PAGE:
Volunteer divers benefit marine research – University of Copenhagen

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13 March 2013

Volunteer divers benefit marine research

Marine environment

Many volunteer SCUBA divers collect data on the marine environment every year. Now research shows that the divers do not have to use traditional, scientific methods to make a valuable contribution to science. A more simple and popular method has shown to be consistent with the professional method. The findings from the Center for Macroecology, Evolution and Climate at the University of Copenhagen may encourage managers and scientists to make greater use of the thousands of existing records produced by volunteers.

Photo credit: Jim Catlin

Red lionfish. Photo credit: Jim Catlin

Data collected by volunteers can pose a dilemma for scientists. Volunteers are a great resource for collecting large amount of field data, but the methods they use are often less standardised than the professional ones. That means scientists hesitate to use volunteer data.

“What our study was able to show, is that the common ‘roving diver technique’ used in marine volunteer surveys is able to compete with more strict methods. The volunteer method has been used in more than 160.000 underwater surveys across the world, so there is a huge amount of data available collected this way. If analysed with advanced statistics, we can see that the data delivers results of high quality, and that may help scientists overcome their hesitation towards it” says lead-author Ben Holt from the Center for Macroecology, Evolution and Climate (CMEC) and the University of Copenhagen.

More species discovered with volunteer methods

When scientists collect data, their methods are specifically designed to minimise bias, maximise precision and ensure repeatability. However, when designing protocols for volunteers, a less strict approach is often chosen to maintain the interest and motivation of the participants.

Photo credit: Jan Lupton.

Queen angelfish. Photo credit: Jan Lupton.

“Allowing volunteers to use flexible and less standardised methods has important consequences for the long term success of citizen science programs. Amateur enthusiasts typically do not have the resources or training to use professional methodology.  Our study demonstrates that with the correct statistical analysis, the quality of data collected using a volunteer method can match protocols used by professional scientists” says Ben Holt.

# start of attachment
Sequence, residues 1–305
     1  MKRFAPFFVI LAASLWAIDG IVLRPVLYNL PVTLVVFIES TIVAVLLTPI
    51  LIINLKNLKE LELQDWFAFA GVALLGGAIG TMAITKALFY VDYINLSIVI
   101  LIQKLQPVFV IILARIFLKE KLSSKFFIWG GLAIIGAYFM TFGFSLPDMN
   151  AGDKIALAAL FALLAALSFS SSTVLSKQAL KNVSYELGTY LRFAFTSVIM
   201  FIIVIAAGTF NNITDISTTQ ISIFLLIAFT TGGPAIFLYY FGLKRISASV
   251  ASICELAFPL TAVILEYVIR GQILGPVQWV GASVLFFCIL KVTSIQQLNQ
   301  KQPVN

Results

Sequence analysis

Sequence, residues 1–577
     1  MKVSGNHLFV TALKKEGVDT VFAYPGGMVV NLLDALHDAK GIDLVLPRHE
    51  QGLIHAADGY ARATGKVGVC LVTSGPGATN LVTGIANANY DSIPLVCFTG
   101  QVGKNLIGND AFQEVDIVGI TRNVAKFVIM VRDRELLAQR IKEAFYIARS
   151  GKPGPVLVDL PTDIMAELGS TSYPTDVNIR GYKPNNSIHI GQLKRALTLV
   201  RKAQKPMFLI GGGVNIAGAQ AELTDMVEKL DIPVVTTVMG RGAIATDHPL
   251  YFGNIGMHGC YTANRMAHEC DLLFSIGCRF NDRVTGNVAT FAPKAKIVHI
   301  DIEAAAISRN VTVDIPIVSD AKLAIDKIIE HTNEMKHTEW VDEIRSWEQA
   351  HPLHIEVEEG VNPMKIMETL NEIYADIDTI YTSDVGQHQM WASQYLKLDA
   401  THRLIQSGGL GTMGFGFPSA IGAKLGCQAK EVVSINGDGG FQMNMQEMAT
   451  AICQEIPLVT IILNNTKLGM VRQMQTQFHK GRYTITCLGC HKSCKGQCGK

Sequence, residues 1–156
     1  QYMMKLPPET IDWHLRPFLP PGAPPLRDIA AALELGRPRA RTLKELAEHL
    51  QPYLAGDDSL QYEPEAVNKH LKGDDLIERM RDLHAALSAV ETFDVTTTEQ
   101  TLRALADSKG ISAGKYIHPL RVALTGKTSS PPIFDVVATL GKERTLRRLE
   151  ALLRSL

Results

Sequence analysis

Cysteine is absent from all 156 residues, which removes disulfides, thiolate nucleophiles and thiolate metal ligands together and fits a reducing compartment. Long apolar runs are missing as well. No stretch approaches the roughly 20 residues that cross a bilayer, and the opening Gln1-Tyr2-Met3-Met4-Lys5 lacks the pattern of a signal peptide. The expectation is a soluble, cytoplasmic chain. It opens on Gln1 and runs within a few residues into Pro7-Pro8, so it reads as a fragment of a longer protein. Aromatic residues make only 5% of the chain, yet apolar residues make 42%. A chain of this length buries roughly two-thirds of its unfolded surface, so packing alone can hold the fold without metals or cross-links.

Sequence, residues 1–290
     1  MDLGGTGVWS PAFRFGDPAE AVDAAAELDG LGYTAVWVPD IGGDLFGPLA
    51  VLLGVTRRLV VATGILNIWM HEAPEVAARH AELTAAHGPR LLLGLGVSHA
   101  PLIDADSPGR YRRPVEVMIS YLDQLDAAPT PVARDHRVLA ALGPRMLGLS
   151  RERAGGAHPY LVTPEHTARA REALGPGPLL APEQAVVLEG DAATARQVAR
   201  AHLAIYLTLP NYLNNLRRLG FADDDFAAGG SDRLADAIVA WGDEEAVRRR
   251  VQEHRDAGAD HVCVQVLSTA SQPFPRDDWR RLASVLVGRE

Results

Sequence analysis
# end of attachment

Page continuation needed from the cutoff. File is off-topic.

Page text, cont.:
Ben Holt and his colleagues compared the roving diver technique - a common voluntary survey method where divers swim around an area and actively search for and record all possible fish species, with a standardised method where fish species are recorded along transect lines. The study took place in three Caribbean sites.

While the traditional scientific survey method revealed sightings of 106 different types of fish, the volunteer technique detected greater marine diversity with a total of 137 in the same waters.

Volunteer programs particularly useful in marine studies

Due to logistical limitations, vast sections of the world’s aquatic ecosystems are rarely, or never, surveyed by professional scientists. Ben Holt explains:

Photo: Jan Lupton

Bar jacks, Photo credit: Jan Lupton

“Very few, if any, scientific groups can collect data on the scale that volunteer groups can, so our results that show the methods return consistent results is very encouraging. The natural world is still largely unexplored and at the same time it is highly impacted by environmental change. We need to use all available resources to measure the effect”.

After the encouraging new results for volunteer surveys, further work by the research team will address other concerns with volunteer datasets.

“It is important to note that our study does not consider the survey abilities of the individual SCUBA divers and this is also an important consideration for any large scale biodiversity program. By addressing these issues we can make important steps towards enabling the large pool of volunteer enthusiasts to help professional researchers by collecting valuable data across many ecosystems,” concludes Ben Holt.

More information

The results are published in the journal Methods in Ecology and Evolution.

Contact

Lead-author Ben Holt, +447866862865

Co-author, Professor Carsten Rahbek

Communications Officer Elisabeth Wulffeld, 28550197